Little Shell Tribe of Chippewa Indians of Montana, also known as the Little Shell Band of Landless Chippewa Indians of Montana, is an Anishinaabe (Ojibwa) tribe recognized by the State of Montana and seeking federal recognition from the Bureau of Indian Affairs. The tribe is named after Chief Esens, known as "Little Shell."----The Little Shell Band of Chippewa Indians is an Anishinaabe (Ojibwa) tribe, first recorded by European settlers in documents from the Hudson's Bay Company, Fort Garry (Winnipeg) in the early 1700s. These logs and diaries show ownership of approximately 63 million acres (250,000 km²) of land throughout what is now South Dakota, North Dakota and Canada by this band. By the early 1800s many Frenchmen had married into the tribe establishing a naturalization program by 1802.
The Louisiana Purchase was the next historical event surrounding the Little Shell Band when several records were made by the Emperor Napoleon excluding the tribe's land from his original quit-claim-deed, selling Louisiana to the United States. Historically this was more than likely caused by the relationship between the Hudson's Bay Company and their French Canadian traders who Napoleon could ill afford to offend. Thus, the tribal claims to this territory antedate and continued forward their sovereignty as an independent nation.
In the early 1850s diplomatic delegations from the United States began meeting with the Little Shell and other Pembina Bands. It was railroad interests in the Red River Valley who pressured Congress into these negotiations. Chief Little Shell at the time rebuffed the negotiators because of the U.S. position that his tribe was all mixed-blood and therefore should not be dealt with as a tribe. An agreement was reached by 1856 however allowing the United States to enforce law along the Red River providing that the United States recognize the tribe and a $50,000,000 dollar bond accruing 5% interest over the next 75 years was paid. This bond was known as “The Christian Pembina Bond,” the United States stopped payments on this bond after 2 years and refused to make all records relating to the bond public. This treaty, known as the Treaty of Old Crossing (1863) was ratified by the 16th president, Abraham Lincoln.------Chief Esens (Little Shell) walked out of further negotiations in 1864 refusing to amend the original treaty. In 1892 the Chief sent word to Washington D.C. that he would exchange 52 million acres (210,000 km²) of land and the treaty rights of 1863 for a large reservation, to include the entire Turtle Mountain area, and $1.00 per acre of land. Washington sent Senator McCumber to meet with the Pembina Band of Chippewa Indians and during the first meeting, Senator McCumber was not present, his agent Waugh made an offer of $0.10 per acre. The Pembina walked out of the meeting in disgust, knowing that the US had paid $1.00 per acre for less valuable land near Fort Berthold. Agent Waugh then brought in 32 other Indians from Canada and had them sign the treaty, known as The McCumber Agreement or the Ten Cent Treaty. John Burke, state attorney for Rolette County, after hearing of the fraud agreed to represent Chief Little Shell before the US Senate. Senator McCumber agreed with John Burke that the treaty was a fraud, and the US Senate waited until after his death in 1905 to ratify the fraudulent treaty. The Little Shell people were told to either sign the treaty or be starved to death forcing the tribe to become nomadic with members moving around the world (several tribal members moved to France).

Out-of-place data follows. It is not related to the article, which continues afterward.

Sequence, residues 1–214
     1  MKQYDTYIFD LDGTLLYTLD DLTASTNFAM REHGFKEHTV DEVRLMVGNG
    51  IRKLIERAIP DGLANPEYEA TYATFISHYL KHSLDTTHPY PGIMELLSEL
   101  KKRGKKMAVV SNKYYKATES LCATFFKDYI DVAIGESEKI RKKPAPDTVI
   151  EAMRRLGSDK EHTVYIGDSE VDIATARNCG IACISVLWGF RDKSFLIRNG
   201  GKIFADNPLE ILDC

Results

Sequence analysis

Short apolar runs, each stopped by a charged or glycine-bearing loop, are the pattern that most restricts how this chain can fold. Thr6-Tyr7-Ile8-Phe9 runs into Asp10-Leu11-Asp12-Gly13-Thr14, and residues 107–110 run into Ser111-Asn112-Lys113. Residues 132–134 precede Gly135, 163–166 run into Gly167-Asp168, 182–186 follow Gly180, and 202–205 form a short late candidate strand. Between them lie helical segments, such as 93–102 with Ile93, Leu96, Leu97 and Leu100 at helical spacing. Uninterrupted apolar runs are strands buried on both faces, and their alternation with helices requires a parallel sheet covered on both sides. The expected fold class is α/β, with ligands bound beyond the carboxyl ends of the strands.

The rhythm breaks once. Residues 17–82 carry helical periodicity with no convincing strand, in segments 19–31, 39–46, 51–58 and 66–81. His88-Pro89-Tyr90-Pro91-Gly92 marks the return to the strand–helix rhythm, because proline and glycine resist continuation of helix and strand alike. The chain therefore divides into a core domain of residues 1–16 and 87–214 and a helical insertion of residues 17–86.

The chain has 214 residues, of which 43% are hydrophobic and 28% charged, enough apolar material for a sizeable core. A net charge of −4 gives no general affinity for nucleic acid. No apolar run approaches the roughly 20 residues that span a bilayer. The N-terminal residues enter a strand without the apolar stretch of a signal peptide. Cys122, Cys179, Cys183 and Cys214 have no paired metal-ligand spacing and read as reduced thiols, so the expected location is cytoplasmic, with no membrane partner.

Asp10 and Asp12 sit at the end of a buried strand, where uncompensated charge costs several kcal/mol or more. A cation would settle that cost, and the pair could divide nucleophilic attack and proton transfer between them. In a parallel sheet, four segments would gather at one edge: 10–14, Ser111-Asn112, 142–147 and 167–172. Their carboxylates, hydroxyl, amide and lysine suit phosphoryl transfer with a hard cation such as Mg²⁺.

In the 1960’s lineal descendant Thomas Little Shell (Ayabiwewidang) died leaving no heirs and the tribal counsel then chose a great grandson of Accoquay to take over the tribe, Accoquay was also a signer of the 1863 treaty. The elected grandson was Louie Delorme and until recently the Delorme family still headed the tribe.
The Delorme family then began several court battles and by 1974 the United States Claims Court agreed with the tribe that the United States had never paid, even the $0.10 per acre, they agreed to and it said yes to the more important question that the tribe did still exist (see 203 Ct Cl 426 ). It is important to note at this point that the Turtle Mountain Band of Chippewa Indians, and the Little Shell Band of Chippewa Indians were recognized as being separate by the court (and several other courts). While there may be members of the Little Shell Band within that reservation tribe, the whole of the tribe and its leadership (under the Little Shell Band name) does not exist on that reservation, and has no relation to that band. It was common among Indian tribes to ‘expatriate’ (change tribes) and any Little Shell members that joined the Turtle Mountain tribe became a member of that tribe, thereby giving up membership in the Little Shell Band.